(a) providing an airborne hazardous material reader device, comprising a body forming a slot area capable of receiving a collection element therein;
a crushing mechanism located within said slot area capable of breaking a plurality of ampules attached to said collection element sufficient to release chemical testing reagents therefrom;
a micro-pump positioned proximate to said slot area and capable of moving airborne hazardous material into said slot area;
means for regulating the temperature within said slot area;
a diode reading component incorporated within said body, the diode reading component capable of distinguishing color changes on said received collection element;
an indicator alarm means effective to indicate the presence of a hazardous material when said diode reading component distinguishes color changes; and,
a microprocessor incorporated into said body, said microprocessor: monitoring and controlling said temperature regulation means to control the temperature within said slot area; controlling said diode reading component to evaluate said collection element's physical condition by checking for white, clean detector areas to ensure that said collection element has not been contaminated with dirt;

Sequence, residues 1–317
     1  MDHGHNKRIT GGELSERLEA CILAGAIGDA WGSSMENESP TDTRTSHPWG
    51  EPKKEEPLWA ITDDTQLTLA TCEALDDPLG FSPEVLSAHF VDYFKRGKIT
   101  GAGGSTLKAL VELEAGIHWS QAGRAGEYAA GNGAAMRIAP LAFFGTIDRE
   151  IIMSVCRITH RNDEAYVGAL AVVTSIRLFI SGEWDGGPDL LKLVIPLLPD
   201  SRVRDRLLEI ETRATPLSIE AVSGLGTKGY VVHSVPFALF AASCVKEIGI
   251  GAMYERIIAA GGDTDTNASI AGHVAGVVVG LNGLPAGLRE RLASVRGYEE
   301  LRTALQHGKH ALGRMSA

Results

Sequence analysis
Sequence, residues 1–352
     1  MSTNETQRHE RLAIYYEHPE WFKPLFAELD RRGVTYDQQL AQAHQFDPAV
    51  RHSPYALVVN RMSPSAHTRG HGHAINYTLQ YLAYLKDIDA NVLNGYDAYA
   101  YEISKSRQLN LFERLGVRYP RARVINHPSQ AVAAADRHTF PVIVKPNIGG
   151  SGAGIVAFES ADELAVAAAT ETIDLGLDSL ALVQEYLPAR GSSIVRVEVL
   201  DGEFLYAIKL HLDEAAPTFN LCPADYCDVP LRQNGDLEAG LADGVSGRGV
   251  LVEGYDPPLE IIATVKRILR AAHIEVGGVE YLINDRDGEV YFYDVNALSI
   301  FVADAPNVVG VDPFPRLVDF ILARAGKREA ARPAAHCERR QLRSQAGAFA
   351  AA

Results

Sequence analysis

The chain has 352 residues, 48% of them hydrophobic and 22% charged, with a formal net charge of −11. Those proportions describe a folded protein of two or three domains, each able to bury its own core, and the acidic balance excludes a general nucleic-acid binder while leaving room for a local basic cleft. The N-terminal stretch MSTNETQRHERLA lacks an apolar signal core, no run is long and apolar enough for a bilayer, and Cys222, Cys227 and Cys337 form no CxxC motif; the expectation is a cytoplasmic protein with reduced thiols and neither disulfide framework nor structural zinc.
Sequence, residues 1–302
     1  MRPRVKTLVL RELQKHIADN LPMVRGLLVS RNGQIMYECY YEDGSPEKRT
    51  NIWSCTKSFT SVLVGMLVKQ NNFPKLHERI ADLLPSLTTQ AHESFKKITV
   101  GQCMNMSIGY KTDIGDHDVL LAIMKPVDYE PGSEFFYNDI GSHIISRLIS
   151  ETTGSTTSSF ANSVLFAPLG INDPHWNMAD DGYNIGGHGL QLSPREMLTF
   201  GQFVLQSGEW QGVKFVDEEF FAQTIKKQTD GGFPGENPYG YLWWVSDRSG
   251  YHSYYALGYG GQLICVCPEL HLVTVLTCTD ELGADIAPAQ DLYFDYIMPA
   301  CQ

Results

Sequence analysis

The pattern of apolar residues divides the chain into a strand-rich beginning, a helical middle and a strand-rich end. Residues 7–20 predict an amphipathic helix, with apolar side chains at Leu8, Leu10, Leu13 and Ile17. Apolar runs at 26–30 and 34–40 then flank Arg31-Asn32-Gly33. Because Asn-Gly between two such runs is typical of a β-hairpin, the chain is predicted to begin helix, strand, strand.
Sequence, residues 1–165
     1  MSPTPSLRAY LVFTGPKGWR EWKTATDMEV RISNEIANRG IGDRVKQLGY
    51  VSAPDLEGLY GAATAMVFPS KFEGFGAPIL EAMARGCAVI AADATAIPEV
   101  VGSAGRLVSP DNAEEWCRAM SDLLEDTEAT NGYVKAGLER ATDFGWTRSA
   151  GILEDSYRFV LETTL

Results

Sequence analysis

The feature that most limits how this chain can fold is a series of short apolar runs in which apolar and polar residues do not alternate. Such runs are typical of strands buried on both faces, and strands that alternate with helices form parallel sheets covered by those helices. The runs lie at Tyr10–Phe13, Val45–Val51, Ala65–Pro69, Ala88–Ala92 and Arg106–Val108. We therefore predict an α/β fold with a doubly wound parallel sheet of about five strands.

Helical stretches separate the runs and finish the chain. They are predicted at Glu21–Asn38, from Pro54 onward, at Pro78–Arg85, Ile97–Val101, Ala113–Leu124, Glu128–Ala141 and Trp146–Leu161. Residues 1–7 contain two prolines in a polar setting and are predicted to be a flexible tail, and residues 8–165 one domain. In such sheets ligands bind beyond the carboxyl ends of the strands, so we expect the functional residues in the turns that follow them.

activating said crushing mechanism in an appropriate sequence and time to crush said ampules; controlling said micro-pump to regulate the airflow over said collection element; and initiating a time-interval color reading of said collection element by said diode reading component and monitoring the frequency and intensity of color changes detected by said diode reading component; and activating the indicator alarm means in relation to said color reading;
(b) placing said collection element into said reader device;
(c) transporting said reader device containing said collection element to an area of possible contamination; and
(d) activating said device.
14. The method of claim 13, further comprising the step of connecting said reader device with other reader devices to form a detection network.
15. The method of claim 13, further comprising the step of coordinating the detection of a hazardous material by said reader device with a global positioning system.
16. The method of claim 13, wherein said collection element includes ampules containing chemical reagent material attached to a porous substrate and capable of breakage so that said reagents are released onto said porous substrate, and wherein said ampules are broken over a timed sequence wherein the latter broken ampules provide detection of an increased amount of contaminant.